Localization of Retinoic Acid Receptors in Anterior Human Embryo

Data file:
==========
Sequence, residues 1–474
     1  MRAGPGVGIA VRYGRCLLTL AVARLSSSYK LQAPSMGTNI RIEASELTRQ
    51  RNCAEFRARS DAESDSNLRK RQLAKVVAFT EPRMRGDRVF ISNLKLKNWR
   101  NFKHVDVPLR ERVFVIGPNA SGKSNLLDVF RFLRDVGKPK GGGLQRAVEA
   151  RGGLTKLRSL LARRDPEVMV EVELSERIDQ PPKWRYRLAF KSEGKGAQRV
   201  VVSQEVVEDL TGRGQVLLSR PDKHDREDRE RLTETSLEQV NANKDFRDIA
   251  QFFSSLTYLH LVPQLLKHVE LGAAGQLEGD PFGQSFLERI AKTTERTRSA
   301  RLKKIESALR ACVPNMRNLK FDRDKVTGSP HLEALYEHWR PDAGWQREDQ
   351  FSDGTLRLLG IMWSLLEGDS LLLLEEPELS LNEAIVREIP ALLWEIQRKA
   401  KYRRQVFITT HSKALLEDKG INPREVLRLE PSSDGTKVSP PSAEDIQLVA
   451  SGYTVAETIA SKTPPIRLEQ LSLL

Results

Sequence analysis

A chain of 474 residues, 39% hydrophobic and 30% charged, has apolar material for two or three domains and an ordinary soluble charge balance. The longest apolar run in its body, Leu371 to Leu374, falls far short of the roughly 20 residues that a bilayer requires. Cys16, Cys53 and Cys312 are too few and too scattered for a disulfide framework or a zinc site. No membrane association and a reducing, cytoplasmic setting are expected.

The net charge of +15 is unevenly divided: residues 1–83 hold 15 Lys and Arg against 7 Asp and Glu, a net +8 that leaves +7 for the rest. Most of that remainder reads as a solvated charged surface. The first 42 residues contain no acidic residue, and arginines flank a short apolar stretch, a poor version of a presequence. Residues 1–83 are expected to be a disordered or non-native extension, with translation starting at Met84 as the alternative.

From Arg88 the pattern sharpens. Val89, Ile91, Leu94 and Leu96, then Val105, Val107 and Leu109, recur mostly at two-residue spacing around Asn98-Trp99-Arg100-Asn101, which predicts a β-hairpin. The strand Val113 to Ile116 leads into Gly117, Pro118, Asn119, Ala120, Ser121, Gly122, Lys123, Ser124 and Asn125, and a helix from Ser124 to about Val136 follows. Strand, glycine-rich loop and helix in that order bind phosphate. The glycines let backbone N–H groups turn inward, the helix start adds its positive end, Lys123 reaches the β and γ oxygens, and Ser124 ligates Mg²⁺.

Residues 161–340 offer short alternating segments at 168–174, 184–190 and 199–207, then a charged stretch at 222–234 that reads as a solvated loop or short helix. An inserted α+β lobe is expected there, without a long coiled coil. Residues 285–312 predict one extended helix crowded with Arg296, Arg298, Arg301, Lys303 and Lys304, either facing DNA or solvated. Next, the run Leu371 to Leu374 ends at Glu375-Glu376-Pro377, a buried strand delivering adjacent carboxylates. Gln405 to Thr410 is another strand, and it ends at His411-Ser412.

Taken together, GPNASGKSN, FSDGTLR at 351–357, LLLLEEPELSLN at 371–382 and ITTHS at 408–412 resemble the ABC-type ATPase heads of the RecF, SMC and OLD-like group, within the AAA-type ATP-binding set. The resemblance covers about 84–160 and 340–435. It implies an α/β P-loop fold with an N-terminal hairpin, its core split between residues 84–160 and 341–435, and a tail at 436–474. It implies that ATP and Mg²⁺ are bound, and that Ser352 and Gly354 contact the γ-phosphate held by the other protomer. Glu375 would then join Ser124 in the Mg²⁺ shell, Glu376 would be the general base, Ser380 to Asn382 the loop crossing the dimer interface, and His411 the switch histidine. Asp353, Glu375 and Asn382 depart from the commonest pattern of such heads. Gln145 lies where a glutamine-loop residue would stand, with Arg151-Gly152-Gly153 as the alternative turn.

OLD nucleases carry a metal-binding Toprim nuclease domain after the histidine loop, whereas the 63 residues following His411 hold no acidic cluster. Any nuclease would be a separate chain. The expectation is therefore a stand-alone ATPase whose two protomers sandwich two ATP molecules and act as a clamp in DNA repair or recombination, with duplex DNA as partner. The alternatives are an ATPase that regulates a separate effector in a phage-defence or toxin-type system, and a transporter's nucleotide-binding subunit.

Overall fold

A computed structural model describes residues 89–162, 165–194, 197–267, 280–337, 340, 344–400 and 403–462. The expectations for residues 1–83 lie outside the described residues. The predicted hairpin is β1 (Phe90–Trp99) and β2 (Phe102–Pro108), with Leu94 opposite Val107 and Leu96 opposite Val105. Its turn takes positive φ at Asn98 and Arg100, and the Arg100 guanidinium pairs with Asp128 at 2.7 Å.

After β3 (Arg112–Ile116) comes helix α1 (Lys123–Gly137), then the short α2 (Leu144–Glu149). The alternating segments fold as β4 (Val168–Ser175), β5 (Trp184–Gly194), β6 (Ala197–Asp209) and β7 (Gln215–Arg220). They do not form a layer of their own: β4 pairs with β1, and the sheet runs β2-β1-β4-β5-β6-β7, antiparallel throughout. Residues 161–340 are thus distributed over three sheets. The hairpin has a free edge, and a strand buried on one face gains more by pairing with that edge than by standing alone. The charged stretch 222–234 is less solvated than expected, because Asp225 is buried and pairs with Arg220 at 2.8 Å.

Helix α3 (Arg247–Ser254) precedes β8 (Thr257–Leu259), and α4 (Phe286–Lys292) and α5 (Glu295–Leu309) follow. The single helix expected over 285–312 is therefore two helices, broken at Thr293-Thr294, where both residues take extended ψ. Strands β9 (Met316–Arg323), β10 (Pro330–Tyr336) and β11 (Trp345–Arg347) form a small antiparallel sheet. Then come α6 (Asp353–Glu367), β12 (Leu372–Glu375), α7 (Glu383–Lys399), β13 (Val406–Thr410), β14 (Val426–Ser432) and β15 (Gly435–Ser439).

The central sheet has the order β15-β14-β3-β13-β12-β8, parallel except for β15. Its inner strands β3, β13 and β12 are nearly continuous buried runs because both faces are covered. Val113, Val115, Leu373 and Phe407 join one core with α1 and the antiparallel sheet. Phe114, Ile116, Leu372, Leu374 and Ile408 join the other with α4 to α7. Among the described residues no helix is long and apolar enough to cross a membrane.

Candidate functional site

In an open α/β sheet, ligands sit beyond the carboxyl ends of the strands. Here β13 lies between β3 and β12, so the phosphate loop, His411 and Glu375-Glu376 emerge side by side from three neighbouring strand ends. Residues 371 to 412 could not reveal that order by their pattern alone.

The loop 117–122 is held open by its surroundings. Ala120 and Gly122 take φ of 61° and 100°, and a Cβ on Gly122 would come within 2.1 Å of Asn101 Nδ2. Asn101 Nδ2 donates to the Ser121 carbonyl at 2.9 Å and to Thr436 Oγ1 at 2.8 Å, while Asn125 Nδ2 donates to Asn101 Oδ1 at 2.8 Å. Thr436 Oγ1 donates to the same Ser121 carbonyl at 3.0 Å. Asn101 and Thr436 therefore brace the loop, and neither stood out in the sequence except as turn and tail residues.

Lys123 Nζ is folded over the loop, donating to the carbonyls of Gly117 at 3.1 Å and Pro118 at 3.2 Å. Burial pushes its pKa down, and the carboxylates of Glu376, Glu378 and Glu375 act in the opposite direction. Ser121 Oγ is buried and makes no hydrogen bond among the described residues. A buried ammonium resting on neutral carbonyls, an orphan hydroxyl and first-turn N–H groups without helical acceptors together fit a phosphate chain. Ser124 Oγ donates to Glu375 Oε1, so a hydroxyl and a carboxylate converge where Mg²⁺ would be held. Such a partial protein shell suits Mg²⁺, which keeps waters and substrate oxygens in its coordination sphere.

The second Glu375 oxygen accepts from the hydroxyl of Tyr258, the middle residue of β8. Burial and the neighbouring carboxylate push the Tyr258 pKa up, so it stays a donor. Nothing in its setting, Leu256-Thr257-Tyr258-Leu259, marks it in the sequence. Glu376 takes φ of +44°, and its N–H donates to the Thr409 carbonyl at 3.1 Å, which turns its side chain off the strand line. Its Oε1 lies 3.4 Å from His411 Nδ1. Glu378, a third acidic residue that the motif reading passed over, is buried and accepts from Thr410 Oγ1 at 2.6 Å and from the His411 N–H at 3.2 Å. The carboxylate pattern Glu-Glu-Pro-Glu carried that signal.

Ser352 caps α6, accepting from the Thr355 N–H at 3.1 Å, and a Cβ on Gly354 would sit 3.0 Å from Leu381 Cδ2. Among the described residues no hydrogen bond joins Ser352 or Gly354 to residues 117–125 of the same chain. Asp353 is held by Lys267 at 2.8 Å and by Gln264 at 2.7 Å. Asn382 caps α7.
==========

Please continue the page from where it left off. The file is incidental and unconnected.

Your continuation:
Retinoic acid receptors (RARs) are nuclear transcription factors that are activated by all-trans-retinoic acid or 9-cis-retinoic acid and are found in all tissues but predominantly in developing fetus, dividing tumor cells, and adult skin. Three forms of these receptors, α, β, and γ, have been described. In this paper we report the presence of RARα and β determined by hybridization with anti-sense messenger RNA, and histochemical localization of the three forms of RARs using monospecific polyclonal antibodies in various tissues of early human embryos. In a 54-day-old embryo, RARα was expressed primarily in the liver and the brain, with somewhat lesser expression in the intestine. RARβ was the highest in the brain, followed by a restricted expression in the intestine and the liver. Other organs, i.e., adrenal, kidney, and testis, did not show measurable amounts of RARβ. The immunohistochemical localization in anterior sections of a 43-day-old embryo indicated that RARα was present in the neuroepithelial cells and in cells lining the primitive pharyngeal sac, dorsal aorta, and pericardium. RARβ was somewhat less prevalent in same tissues, whereas the expression of RARγ was the lowest of the tree RARs in any tissues examined. Results indicated that RARα and β appear at early stages of human embryonic development and their expression is restricted to certain types of tissues.
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